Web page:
) had been tendered to Oracle (ORCL
), the Silicon Valley database giant. The total was a resounding affirmation from PeopleSoft shareholders that they believe Oracle's $24-per-share cash offer, or about $9.2 billion, represents fair value for the Pleasanton (Calif.) company.
While many analysts and investors had expected Oracle to prevail in the PeopleSoft shareholder vote, even George Bush would have wished for a margin of victory this big. And Oracle execs were quick to ask their PeopleSoft counterparts to negotiate a final deal. "We believe it is time to bring this matter to a close, for the good of PeopleSoft's shareholders, customers, and employees," Oracle Chairman Jeffrey O. Henley said in a statement.
Yet, PeopleSoft's board of directors still isn't ready to concede. In a written statement released Nov. 20, the board reaffirmed that it believes $24 per share is too low. And the board, which has rejected every Oracle offer since it made its first overture in June, 2003, including a $26-per-share bid earlier this year, shows no signs of backing down. "We are confident that in the time leading to our 2005 annual [shareholder] meeting we will continue to demonstrate PeopleSoft's superior value to our shareholders," said A. George "Skip" Battle, chairman of the PeopleSoft's board's transaction committee, in a statement.
PULLING A PILL? The gauntlet -- if any are left in this nasty 17-month hostile takeover fight -- has been thrown. Since PeopleSoft's board still controls a so-called poison-pill provision that would allow it to flood the market with new shares and make a takeover attempt too pricey even for cash-rich Oracle, it still controls PeopleSoft's fate. Oracle is attempting to get the poison-pill provision killed in a Delaware court, and both sides are due back before Judge Leo Strine on Wednesday, Nov. 24. While legal experts say courts rarely find grounds to pull a poison pill, Oracle execs hope the shareholder vote will sway Judge Strine.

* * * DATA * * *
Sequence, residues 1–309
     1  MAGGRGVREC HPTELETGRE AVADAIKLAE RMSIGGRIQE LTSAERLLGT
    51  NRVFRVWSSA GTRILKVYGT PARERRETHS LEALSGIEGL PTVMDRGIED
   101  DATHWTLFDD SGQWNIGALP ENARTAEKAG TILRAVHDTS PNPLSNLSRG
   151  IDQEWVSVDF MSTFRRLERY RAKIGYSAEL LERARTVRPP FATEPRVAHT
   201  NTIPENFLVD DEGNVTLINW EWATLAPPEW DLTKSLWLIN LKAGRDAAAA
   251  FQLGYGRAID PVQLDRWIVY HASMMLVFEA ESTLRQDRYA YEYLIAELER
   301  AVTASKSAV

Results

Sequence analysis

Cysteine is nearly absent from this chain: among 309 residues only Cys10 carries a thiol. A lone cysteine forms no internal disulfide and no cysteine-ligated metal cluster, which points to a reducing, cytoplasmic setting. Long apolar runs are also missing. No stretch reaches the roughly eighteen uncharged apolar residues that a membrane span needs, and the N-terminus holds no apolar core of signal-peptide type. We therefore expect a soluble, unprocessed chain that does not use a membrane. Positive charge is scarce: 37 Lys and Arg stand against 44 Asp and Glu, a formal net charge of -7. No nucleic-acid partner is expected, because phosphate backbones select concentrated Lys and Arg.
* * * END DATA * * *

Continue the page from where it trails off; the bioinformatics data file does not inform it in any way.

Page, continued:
What about all those tendered shares? Actually, they aren't actually being sold. The tender is more like a shareholder's promise to sell. So Oracle won't actually buy the shares until the poison pill is dropped. And in the absence of a legal ruling, PeopleSoft's board of directors makes the call on the sale. Shareholders have no direct control over it. That's why Oracle won't buy PeopleSoft shares outright until the poison pill is set aside.
So what's next? PeopleSoft Chairman Battle is all but daring Oracle CEO Ellison to mount a proxy fight to remove PeopleSoft's board of directors. By November's end, Oracle must nominate its own slate for PeopleSoft's board for the annual shareholder meeting, expected to be held in the spring.
TROUBLING QUESTIONS. Expect Ellison to do exactly that. Oracle had nominated a slate for PeopleSoft's 2004 shareholder meeting but withdrew it when federal regulators attempted to stop the takeover on antitrust grounds. Since then, however, a U.S. District Court judge in San Francisco gave Oracle the green light more than three months ago, as have European regulators.
Oracle has deftly knocked down the PeopleSoft board's defensive bulwarks, one by one. Now Ellison & Co. stand at the gates. To keep fightng, PeopleSoft's board must run against the very clear wishes of its own shareholders. And that would raise troubling questions of who really owns this company: investors or an elite cadre of insiders led by the directors. Kerstetter is a correspondent in BusinessWeek's Silicon Valley bureau